I suspected my son was "Twice Exceptional", meaning he is gifted and has a learning disability. For me, picking up on my son's "asynchronous development" was a major key to discovering that my gifted son may also have a learning disability. "Average" kids can have a learning disability. "Above average" kids can have a ;earning disability.

"Once a person has a solid understanding of the characteristics of children who are twice exceptional, some will easily stand apart from typical peers. The inconsistencies of their abilities, or “asynchrony,” are the first telling signs. A learner who is gifted with a learning disability may be able to perform orally to high levels of performance but often performs miserably in written expression. " - https://education.ohio.gov/getattachment/Topics/Special-Education/Students-with-Disabilities/Educating-Students-with-Disabilities/Educating-Gifted-Students-with-Disabilities/Twice-Exceptional-Guide.pdf.aspx

If you suspect your child may be twice exceptional, I suggest having the disability tested first. If there is one, your child can be put on an IEP, which can include aspects for giftedness as well. An IEP is enforcable by law.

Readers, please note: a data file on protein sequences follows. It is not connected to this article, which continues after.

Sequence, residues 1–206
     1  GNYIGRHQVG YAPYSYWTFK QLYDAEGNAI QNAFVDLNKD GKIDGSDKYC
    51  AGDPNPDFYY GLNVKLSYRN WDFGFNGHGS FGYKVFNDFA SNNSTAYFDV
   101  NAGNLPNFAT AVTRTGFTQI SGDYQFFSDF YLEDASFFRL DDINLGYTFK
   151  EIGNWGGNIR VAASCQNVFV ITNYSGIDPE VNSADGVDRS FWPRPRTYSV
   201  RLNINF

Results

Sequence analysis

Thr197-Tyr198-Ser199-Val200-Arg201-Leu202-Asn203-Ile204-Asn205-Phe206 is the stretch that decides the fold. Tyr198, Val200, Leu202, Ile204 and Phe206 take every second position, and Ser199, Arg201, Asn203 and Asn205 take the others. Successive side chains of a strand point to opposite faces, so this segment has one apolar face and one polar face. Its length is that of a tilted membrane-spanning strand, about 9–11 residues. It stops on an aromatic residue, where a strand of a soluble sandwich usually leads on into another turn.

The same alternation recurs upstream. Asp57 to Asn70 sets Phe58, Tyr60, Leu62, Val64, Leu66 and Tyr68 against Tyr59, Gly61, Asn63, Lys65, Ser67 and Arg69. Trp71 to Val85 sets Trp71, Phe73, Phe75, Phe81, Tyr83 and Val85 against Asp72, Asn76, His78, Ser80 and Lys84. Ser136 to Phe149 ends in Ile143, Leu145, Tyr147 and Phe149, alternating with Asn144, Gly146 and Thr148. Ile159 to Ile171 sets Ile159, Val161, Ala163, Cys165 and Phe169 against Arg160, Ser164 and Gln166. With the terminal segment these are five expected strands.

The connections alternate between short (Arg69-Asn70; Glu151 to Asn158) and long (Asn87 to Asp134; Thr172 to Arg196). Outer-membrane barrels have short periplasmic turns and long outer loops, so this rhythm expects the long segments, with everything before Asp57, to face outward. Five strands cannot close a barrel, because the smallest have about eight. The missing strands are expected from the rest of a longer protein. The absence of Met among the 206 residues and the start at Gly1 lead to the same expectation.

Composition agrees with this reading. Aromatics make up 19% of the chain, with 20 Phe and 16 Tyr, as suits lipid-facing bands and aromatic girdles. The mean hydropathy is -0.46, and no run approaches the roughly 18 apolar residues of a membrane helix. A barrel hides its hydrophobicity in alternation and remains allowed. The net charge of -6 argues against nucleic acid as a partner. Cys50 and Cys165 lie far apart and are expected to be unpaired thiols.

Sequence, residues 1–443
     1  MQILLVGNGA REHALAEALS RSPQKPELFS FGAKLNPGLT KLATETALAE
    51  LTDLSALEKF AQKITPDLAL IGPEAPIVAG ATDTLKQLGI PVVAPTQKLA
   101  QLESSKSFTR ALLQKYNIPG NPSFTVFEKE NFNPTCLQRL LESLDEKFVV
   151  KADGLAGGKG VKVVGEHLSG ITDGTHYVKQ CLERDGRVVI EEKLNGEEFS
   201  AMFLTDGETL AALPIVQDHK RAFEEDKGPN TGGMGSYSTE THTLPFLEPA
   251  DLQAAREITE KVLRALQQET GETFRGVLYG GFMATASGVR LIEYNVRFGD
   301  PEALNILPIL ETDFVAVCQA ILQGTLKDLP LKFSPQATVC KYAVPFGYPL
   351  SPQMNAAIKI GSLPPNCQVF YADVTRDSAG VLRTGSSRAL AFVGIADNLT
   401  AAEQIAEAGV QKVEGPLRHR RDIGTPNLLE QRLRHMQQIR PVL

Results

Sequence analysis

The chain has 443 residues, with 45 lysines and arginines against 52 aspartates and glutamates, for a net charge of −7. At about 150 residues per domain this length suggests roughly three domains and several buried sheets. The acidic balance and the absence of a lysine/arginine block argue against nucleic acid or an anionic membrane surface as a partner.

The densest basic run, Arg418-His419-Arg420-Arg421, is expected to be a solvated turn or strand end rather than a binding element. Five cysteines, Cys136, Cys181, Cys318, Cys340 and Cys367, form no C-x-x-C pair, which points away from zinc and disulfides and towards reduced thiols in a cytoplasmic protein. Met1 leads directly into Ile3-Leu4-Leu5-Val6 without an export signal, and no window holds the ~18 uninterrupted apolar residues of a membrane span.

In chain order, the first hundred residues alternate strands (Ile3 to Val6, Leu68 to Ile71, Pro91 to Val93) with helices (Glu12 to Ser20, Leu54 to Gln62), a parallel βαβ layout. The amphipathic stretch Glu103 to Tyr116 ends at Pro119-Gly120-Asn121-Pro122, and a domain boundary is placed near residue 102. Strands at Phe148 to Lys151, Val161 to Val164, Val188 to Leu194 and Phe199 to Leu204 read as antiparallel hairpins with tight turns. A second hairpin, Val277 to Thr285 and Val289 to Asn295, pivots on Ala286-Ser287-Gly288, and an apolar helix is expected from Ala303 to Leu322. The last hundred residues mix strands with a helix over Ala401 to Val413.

A WEP (Written Education Plan) isn't enforceable, so should only be used if you can't obtain an EIP.


Gifted Screening And Identification




By law, every school in Ohio must have a process to identify gifted children. The school doesn't need to have a special gifted program i place for your child to receive benefits from being gifted. There is grade acceleration and subject acceleration, which is an option that has been deemed quite effective by the Ohio Board of Education, but still incredibly under-utilized.

I have long suspected my son was "gifted". He just seemed to be functioning at a higher level than most kids his age. When a recent math test rated his math in being at the 96%, I decided to pursue gifted identification.